Let’s see how many users, when consciously presented with such a choice, would really tolerate ads.

    I’ll bet if you actually gave users that choice, they would, like 80% of Tivo users, not tolerate ads.

    And in that case, you could go back to a much fairer marketplace, one in which users are given a choice about whether or not to pay vs. watch ads. Right now, consumers don’t have that choice; most everything is ad-based.

    So let’s bring freedom back into the marketplace, by letting Microsoft (and making Firefox) release this technology!

  • 8 Mark // Feb 13, 2009 at 7:26 pm

    >>80% of Tivo users skips ads

    But Google ads are by no means as invasive as having to sit through TV ads. If the ads don’t leap up in your face I’m personally OK with that trade-off for free content/services. For example, I use a Flash-blocker because Flash ads are much more annoying.

    >>a virus / plug-in that auto-updates would have no trouble playing in an arms race

    But then websites would start randomizing page layouts for different users, making it hard to strip automatically. Like you say, an arms race.

    I know GreaseMonkey etc and yet I would feel more comfortable living with a few text-ads in a page than installing an auto-updating browser plug-in that is monkeying around with my page views in whatever way it sees fit on a given day. That seems like a potential security nightmare.

  • 9 Daniel Tunkelang // Feb 13, 2009 at 7:43 pm

    Well, you block Flash ads; some people use DVRs to effectively block TV ads; and I block all ads. Other people don’t mind ads, and a rare few go out of their way to watch them. My objection is that we’ve found ourselves in a world where forcing people to watch ads is almost the only viable revenue model. I think that’s wasteful at best, evil at worst. Which may be fine on “Be Evil” day, but not cool for the other 363 days of the year! Yes, 363–4 weeks from now is another Friday the 13th.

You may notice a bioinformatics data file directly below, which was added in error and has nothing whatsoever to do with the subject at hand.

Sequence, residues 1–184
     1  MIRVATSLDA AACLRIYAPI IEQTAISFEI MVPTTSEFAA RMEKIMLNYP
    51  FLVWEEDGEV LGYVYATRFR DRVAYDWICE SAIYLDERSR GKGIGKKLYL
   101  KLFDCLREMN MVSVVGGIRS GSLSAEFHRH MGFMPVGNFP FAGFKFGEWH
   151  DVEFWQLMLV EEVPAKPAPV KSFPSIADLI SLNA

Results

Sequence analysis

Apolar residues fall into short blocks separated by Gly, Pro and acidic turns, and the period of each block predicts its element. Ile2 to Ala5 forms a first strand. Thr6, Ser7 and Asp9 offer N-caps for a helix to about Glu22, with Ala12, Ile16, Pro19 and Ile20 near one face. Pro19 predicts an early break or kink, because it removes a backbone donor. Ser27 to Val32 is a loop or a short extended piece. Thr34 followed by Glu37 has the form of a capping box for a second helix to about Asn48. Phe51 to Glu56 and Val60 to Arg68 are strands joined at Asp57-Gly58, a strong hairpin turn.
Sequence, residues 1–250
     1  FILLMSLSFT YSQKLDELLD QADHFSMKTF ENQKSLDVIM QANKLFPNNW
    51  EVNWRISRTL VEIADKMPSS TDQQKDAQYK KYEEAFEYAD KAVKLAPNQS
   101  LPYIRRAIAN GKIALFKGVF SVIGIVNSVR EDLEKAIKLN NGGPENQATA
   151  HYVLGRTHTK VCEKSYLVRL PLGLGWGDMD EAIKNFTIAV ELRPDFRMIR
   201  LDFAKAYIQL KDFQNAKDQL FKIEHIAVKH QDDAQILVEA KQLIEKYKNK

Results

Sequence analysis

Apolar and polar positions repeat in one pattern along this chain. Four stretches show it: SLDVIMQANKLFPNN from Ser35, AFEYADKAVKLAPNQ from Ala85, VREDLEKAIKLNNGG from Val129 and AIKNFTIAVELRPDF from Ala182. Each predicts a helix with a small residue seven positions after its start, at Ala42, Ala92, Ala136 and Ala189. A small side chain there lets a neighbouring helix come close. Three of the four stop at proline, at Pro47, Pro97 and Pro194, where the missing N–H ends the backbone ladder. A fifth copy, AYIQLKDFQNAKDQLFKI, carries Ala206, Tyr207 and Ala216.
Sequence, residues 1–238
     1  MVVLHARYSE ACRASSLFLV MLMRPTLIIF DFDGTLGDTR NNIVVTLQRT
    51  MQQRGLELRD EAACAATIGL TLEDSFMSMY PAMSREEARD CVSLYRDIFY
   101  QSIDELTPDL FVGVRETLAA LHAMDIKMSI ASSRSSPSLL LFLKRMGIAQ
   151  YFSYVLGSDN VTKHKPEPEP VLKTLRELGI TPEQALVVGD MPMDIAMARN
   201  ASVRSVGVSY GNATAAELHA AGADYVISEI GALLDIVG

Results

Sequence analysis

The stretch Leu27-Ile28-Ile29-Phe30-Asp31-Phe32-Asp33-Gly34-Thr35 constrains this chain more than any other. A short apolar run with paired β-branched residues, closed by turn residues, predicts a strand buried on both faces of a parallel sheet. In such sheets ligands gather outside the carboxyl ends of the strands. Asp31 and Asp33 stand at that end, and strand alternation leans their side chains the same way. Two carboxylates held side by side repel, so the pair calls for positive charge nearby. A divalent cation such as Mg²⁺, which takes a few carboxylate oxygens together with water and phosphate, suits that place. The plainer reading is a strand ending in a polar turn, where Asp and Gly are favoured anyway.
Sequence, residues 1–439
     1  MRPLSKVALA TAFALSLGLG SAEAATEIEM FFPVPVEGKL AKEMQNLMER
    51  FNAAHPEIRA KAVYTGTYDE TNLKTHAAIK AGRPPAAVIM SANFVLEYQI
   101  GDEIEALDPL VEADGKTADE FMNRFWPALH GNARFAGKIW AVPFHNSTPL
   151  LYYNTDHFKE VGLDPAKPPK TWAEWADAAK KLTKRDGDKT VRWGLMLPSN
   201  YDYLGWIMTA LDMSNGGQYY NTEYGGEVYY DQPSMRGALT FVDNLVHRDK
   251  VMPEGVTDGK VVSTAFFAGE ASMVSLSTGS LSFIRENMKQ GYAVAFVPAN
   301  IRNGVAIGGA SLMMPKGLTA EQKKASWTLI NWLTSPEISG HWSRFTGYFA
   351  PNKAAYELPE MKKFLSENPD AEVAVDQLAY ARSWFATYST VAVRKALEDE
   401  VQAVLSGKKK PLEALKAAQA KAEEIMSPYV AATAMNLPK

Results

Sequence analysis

Let me qualify my “feature request”–any ad-blocker should allow you to opt out / disable it. Mark, I hope that addresses your security concerns. Any other concerns I should bring to product management?

    And, to Jeremy’s point, it would be interesting to see what would happen if the question of whether to enable an ad blocker were part of the initial browser set-up.

  • 10 John B. Lee // Feb 13, 2009 at 8:10 pm

    > Undermine the viability of the ad-supported model, and free goes away. Then users pay for content, but pay less for products and services. Win-Win.

    Assuming companies don’t just decide to just spend their marketing dollars in some other way. ๐Ÿ˜› Is there really a company out there that would think first of scaling back their marketing budget? Well, maybe they’d actually spend it on something useful like letting potential consumers use their product for a while.